Dyssynergic Defecation (or…when the poop just can’t get out)

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I’ll admit it… I like treating pooping problems. I know that grosses some people out, but it’s true. I think it’s because bowel problems really really impact people’s lives. I mean, pooping is a super basic human activity–so when it’s not working the way it should, it’s really awful.

I have recently had quite a few patients who are having difficulty evacuating their bowels. Now, there are multiple reasons why this could occur (I know, I’ve written about constipation a lot already, see here for evidence)–but today, we’re going to chat about one in particular, dyssynergic defecation or sphinctor dyssynergia.

What exactly is dyssynergic defecation? 

Basically, your pelvic floor muscles work with your colon reflexively. When your colon is contracting to push the poop out, and you are sitting on the toilet ready to empty your bowels, the muscles should relax and open to allow this to occur.  Sometimes, this relationship becomes dysfunctional, and basically, you think you are pushing and relaxing the sphinctor muscles, but instead, the muscles are contracting and closing the sphinctor. I know what you’re thinking– Jessica, I would know if I were actually contracting my muscles instead of relaxing them while I poop. But, no, you wouldn’t. In fact, many patients are shocked when I show them the actual coordination of their muscles.

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Typically, incoordination of the pelvic floor muscles is paired with poor coordination of the abdominal muscles, and often impaired sensation of the rectum. Dyssynergic Defecation is diagnosed typically by an anorectal examination, and anorectal manometry/defecography testing (like this, with an MRI, or by assessing muscle activity with EMG while the person attempts to expel a balloon, or other testing options)

Why does it happen? 

Dyssynergic defecation is very common in people who have constipation. In fact, this review suggested that close to 40% of people with constipation have this incoordination pattern. There are several factors that can contribute to dyssynergic defecation. This review estimated that close to 30% of adults with dyssynergic defecation patterns had constipation as children, and found that 46% had frequent straining to empty hard stool. But there are other factors that can contribute as well, such as:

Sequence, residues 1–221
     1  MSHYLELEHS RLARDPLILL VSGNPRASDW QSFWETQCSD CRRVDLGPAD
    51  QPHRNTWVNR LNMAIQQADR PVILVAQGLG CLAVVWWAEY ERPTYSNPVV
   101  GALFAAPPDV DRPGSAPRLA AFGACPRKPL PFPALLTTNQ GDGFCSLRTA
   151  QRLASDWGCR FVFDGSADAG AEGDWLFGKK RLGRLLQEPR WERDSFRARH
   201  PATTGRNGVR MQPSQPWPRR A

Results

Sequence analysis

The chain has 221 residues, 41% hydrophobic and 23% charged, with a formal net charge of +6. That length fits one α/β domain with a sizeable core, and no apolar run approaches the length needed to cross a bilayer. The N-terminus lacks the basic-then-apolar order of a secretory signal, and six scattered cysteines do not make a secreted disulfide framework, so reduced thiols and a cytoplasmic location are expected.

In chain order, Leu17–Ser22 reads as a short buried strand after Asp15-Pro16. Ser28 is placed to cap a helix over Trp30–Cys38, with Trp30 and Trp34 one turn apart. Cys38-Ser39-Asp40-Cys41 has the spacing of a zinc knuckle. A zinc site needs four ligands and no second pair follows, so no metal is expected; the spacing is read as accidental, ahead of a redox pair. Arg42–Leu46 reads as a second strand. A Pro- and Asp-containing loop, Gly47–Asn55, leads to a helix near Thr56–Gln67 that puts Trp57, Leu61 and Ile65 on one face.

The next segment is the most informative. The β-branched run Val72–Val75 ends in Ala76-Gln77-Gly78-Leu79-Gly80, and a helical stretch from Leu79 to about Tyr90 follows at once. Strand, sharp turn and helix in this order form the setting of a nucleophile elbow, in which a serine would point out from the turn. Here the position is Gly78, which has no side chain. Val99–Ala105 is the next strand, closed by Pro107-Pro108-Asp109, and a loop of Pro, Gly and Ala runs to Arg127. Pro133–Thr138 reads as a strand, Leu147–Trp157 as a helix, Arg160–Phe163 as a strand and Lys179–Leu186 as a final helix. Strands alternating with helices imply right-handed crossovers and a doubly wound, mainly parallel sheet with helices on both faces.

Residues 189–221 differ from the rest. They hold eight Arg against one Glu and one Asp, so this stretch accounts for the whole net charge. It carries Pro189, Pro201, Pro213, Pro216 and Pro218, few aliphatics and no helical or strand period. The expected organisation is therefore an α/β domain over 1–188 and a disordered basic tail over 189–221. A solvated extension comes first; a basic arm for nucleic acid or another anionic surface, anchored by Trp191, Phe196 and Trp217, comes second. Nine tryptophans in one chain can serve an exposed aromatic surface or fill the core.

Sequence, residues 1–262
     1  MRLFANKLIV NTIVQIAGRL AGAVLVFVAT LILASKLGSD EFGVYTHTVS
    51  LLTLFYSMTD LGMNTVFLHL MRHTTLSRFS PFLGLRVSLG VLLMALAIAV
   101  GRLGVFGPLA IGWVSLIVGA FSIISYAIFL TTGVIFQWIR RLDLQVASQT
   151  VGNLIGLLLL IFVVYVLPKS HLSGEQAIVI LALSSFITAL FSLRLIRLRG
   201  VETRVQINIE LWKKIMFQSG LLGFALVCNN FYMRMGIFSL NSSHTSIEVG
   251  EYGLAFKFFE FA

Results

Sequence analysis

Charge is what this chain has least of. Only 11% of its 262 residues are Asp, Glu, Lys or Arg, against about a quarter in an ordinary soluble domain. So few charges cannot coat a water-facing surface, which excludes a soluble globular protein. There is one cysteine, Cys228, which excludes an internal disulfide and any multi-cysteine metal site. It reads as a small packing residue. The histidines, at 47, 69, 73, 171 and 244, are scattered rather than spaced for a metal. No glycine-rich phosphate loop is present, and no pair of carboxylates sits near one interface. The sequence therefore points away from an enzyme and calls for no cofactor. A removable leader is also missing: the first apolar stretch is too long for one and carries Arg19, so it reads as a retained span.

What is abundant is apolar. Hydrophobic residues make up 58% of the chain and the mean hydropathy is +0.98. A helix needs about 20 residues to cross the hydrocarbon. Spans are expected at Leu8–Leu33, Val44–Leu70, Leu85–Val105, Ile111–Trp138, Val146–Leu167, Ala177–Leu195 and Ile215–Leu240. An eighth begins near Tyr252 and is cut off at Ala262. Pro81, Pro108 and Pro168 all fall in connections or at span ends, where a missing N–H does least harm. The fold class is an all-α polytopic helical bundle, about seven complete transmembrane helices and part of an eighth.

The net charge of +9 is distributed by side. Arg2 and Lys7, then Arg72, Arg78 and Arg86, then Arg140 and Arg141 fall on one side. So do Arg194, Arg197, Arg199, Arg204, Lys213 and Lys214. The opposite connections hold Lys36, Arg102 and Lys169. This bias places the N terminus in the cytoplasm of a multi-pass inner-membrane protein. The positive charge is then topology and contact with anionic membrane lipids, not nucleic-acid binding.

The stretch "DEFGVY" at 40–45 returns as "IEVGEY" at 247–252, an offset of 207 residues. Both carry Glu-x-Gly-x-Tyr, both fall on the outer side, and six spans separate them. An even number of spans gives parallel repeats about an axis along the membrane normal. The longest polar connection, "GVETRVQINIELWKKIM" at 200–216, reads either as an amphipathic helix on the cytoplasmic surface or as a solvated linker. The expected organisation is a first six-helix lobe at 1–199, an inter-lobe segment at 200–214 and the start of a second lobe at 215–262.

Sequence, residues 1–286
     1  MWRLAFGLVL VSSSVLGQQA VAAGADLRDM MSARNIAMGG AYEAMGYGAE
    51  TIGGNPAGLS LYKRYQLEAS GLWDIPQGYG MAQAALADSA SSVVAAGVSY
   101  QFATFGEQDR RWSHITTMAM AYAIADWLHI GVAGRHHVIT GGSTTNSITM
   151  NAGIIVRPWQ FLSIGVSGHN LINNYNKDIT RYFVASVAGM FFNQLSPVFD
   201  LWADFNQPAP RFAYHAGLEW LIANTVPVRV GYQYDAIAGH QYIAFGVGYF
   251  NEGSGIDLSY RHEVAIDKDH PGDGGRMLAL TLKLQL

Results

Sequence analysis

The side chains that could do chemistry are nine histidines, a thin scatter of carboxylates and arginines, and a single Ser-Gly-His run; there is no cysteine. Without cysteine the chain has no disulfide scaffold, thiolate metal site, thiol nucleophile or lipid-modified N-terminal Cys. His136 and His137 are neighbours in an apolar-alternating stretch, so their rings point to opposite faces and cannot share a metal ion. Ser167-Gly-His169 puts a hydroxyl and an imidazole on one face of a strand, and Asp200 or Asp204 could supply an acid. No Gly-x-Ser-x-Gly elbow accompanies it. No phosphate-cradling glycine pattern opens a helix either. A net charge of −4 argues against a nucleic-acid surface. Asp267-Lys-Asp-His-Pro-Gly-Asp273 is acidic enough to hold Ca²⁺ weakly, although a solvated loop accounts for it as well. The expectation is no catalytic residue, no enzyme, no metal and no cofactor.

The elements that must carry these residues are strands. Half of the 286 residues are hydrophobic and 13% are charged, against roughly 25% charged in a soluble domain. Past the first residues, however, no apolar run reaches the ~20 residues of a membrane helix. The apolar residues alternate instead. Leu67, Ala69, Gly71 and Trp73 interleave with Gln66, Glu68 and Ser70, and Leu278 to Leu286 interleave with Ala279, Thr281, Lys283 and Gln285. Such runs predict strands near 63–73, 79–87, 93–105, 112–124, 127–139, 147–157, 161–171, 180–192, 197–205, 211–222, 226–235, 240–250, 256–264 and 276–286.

• pregnancy
  • traumatic injury
  • low back pain
  • history of sexual abuse/trauma
  • poor behavioral habits related to bowel health
  • nothing (like many other things, we sometimes just don’t know why it happens)

What are the signs and symptoms? 

As we discussed previously, dyssynergic defecation is extremely common amongst those struggling with constipation (typically meaning < 3 BMs per week, as well as symptoms of abdominal discomfort, bloating, and/or difficulty emptying bowels). This article looked at the most common reported symptoms of those with dyssynergic defecation, and found that many experienced the following:

  • Excessive straining to have a bowel movement
  • Feeling of incomplete evacuation after a bowel movement
  • Abdominal bloating
  • Frequent hard stools
  • Frequently utilizing digital maneuvers to empty stool (this means, using a finger to either help pull stool out of the rectum, or using a finger to press inside the vagina to help empty)

What can you do about it? 

The great news is that men and women (and kids too!!) with a dyssynergic defecation pattern can respond very well to conservative treatment! Pelvic physical therapists are typically the providers of choice when it comes to helping people with these problems, and work closely with GI and Colorectal Physicians to help these men and women. Treatment typically involves a few different components:

1. Developing amazing bowel habits. You know that has to be first on my list. If your bowel habits are not stellar, we can try to help your muscles all we want, but you will still have difficulties emptying. So, first things first, we need to make sure your dietary habits rock, you have a great bowel routine, and you know how to sit on the toilet in the most optimal way. Wondering what that toilet position is? Check out this sort of funny, mostly weird video by my favorite potty comedians and stool developers (pun intended), Squatty Potty.

2. Surface EMG Biofeedback training to improve muscle coordination: Biofeedback training uses surface electrodes placed at the anal sphinctor muscles and the abdominal muscles to identify the type of pattern a person uses to expel a bowel movement. Once we identify the pattern you currently use, we can work together to improve the pattern so that your sphinctor muscles relax when you generate abdominal pressure to empty your bowels. Seems pretty basic, right? But the right biofeedback training can make a HUGE difference–and the current research really supports this treatment for anyone with this problem. (See this article, this one, that one, and this one!)